Jun 25, 2010

Building a Homemade Nuclear or Fusion Reactor

/.- "Mark Suppes, a web developer for Gucci, is working on his own personal fusion reactor. His work in a NYC warehouse using $35,000 of his own money and $4,000 raised on a website has made him the 38th independent researcher recognized as creating a working fusion reactor. How's that for a hobby?"

Hey why not give Fusion a shot?
Boing2 - Quinn Norton visits with Mark Suppes, Ruby-on-Rails developer by day and DIY polywell reactor researcher by night:
Suppes has built his first test magrid out of Teflon and copper, though he hasn't run it yet. He's started designing a 3D printable magrid with space for superconducting magnets, which potentially could take less energy to run and get the reaction closer to self-sustaining. He's using a high temperature superconducting magnetic tape, but even high temperature means liquid nitrogen cooled, instead of liquid helium. It has to sit next to plasma. "It's the McDonalds problem. How do you keep the hot side hot and the cool side cool?" says Suppes "It's going to have to be a multilevel cooling system... Multiple layers of vacuum mirrored insulation."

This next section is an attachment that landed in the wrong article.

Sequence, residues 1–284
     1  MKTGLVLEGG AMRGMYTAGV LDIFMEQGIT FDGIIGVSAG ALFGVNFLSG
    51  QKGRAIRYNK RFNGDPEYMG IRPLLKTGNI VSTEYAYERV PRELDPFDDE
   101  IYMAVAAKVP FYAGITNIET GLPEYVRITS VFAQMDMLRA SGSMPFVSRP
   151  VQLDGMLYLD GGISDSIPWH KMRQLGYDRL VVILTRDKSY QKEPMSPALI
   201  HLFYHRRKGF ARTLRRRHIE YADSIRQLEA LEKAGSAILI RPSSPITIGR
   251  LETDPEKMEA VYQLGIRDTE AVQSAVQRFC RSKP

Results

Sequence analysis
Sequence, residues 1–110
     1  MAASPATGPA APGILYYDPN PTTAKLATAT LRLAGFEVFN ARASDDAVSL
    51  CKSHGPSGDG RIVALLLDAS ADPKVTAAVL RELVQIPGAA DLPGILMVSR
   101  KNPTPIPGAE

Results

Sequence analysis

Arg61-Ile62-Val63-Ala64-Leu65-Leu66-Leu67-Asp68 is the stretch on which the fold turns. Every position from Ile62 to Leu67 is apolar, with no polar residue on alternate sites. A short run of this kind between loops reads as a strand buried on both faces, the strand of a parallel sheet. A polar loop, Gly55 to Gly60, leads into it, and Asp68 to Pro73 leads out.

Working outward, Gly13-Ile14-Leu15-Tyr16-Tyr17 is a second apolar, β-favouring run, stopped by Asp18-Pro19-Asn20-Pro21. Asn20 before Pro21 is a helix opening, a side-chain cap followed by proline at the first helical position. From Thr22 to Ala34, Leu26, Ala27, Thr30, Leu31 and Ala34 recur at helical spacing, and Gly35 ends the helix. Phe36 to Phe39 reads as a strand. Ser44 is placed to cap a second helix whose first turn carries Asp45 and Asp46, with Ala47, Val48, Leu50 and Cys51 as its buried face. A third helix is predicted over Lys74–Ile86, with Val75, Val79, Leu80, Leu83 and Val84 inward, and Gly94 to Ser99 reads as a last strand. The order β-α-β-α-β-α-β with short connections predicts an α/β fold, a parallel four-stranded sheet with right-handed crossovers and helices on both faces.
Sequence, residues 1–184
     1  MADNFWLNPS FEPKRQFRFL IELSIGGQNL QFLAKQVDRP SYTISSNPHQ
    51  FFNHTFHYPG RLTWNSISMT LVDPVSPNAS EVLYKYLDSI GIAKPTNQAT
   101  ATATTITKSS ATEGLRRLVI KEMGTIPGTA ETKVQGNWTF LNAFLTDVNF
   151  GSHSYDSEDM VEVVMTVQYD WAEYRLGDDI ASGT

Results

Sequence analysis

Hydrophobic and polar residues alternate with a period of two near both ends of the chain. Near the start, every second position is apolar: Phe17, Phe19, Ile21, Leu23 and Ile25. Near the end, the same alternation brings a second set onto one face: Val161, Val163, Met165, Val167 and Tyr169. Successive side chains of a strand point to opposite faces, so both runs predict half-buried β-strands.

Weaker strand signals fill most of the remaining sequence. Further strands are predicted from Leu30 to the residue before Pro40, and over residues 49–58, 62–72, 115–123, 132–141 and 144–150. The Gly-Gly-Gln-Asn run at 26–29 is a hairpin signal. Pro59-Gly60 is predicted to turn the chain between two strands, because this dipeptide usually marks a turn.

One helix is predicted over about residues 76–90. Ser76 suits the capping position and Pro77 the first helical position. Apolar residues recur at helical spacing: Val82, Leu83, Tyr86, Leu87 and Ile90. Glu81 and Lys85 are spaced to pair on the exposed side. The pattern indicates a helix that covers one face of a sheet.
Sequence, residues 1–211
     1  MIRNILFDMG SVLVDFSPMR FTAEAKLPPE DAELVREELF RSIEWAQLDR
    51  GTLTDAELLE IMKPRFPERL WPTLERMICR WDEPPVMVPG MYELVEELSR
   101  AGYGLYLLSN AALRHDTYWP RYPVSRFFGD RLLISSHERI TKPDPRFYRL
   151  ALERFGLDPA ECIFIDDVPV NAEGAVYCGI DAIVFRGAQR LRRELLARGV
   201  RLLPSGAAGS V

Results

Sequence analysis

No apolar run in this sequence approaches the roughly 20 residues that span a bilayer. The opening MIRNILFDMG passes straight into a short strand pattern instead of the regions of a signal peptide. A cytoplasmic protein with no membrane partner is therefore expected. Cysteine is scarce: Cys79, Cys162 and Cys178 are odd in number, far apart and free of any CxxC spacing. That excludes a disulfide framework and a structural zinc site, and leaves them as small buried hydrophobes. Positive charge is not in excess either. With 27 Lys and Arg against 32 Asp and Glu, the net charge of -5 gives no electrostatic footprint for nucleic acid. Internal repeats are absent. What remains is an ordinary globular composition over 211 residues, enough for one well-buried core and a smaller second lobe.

"It would be hard to believe you could advance on what Dr. Nebel and Dr. Park (of EMC2) are putting into it," says Ligon. But their funding only goes to next year. Suppes doesn't have institutional support, but he also doesn't have institutional constraint. "I expect to be working on this project for the next ten years, and that's what it will take at least. I have a long term commitment to this," says Suppes, "I would rather really go for something amazing. Even if it doesn't work, I'm learning everything I've always wanted to know about physics, and electrical engineering." No Sleep 'Til Fusion
Polywell is a little more complicated. You can learn more about Polywell and its potential at: Bussard's IEC Fusion Technology (Polywell Fusion) Explained